Department of Preventive Medicine

Division of Biostatistics

Ph.D. in Biostatistics

This program is designed to produce a biometrician who has a deep knowledge of statistical theory and methodology, and who is able to apply this knowledge creatively to the solution of statistical problems arising in the biological and health sciences. The program requires a solid core of courses in the theoretical aspects of statistics, and a wide range of courses in the methodological aspects of statistics. Graduates of this program are prepared for careers in teaching, research, and consulting in biostatistics. This program encourages applicants who have undergraduate degrees in mathematics, statistics, biostatistics, or other related fields to apply.

The goal of the Ph.D. program in Biostatistics (BIOS) is to train biostatisticians who will have in-depth knowledge of statistical theory and methodology and the ability to apply this knowledge creatively to statistical problems in the biological and health sciences. At the same time, the increasingly specialized lines of biomedical and population research each include unique study designs, modes and complexities of data collection, as well as analytic, computational and methodological challenges.

By its nature, biostatistics is an applied discipline involving the use of statistical and mathematical ideas in service of medical research in such areas as epidemiology, genetics, basic biology, and clinical effectiveness. As the areas of application and the mathematical tools are rapidly evolving, however, methodological research is also a central focus of the work of a biostatistician. The goal of our Ph.D. program is therefore to provide

  • a solid grounding in the standard techniques of statistical analysis and study design
  • expertise in the ways of conducting statistical methods research, and
  • extensive experience in applications to one or more major areas of medical research.

In the process, it is expected that the candidate will have made a substantial contribution to novel statistical methodology, generally in the form of one or more publications in appropriate statistical journals. He or she should also have had a broad exposure to multiple areas of application so as to be able to communicate effectively with biomedical researchers, being able to understand the basic concepts of problems being studied, to frame the scientific questions being asked in statistical terms and identify appropriate solutions, to explain difficult mathematical concepts to non-mathematical investigators, and thereby to be able to collaborate effectively on all aspects of a project, from concept, to grant applications, data collection, data management, data analysis, and ultimately paper writing.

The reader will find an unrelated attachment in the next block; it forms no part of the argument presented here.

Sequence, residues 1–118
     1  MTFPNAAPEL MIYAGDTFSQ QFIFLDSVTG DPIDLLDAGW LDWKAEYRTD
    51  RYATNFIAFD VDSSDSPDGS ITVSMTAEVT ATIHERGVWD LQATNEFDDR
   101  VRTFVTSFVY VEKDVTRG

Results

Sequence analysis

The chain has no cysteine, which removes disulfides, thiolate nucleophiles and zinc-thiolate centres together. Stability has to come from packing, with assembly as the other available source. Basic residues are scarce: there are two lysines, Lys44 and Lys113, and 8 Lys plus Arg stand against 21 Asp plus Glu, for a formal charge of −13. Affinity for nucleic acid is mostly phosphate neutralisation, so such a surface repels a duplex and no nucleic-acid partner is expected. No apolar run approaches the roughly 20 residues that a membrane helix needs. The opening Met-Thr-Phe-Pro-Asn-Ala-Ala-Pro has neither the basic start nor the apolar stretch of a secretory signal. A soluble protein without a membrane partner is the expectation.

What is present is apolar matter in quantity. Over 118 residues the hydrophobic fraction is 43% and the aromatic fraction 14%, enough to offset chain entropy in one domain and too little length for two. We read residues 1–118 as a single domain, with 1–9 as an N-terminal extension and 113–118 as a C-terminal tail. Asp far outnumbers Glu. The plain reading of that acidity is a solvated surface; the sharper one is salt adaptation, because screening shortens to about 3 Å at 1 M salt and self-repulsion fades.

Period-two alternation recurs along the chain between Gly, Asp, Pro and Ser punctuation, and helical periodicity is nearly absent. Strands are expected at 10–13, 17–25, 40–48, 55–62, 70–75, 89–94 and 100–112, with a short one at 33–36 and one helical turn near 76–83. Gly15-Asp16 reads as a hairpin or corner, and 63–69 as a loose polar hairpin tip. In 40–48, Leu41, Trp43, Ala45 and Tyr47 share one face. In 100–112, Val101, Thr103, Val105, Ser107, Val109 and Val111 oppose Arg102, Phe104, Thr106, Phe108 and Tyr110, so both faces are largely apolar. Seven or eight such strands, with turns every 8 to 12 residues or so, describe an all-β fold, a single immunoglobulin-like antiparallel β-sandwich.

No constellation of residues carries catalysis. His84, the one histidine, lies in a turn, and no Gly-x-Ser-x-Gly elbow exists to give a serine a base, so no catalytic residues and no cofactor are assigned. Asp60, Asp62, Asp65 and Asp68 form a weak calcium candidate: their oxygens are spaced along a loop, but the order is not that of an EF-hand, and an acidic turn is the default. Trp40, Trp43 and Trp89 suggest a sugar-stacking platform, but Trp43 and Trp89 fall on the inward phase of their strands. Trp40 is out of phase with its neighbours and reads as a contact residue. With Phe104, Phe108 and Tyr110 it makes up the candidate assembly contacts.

Specifically, our program offers training in the following areas:

  1. the principles of mathematical statistics, including distribution theory and statistical inference
  2. the standard techniques for analysis of continuous, categorical, time-to-event, univariate and multivariate, cross-sectional and longitudinal data, etc.
  3. particular emphasis on the types of data most commonly encountered in epidemiology, genetics, and clinical trials
  4. hands-on experience in statistical consulting settings, including problem identification, finding appropriate solutions, and communicating these ideas to investigators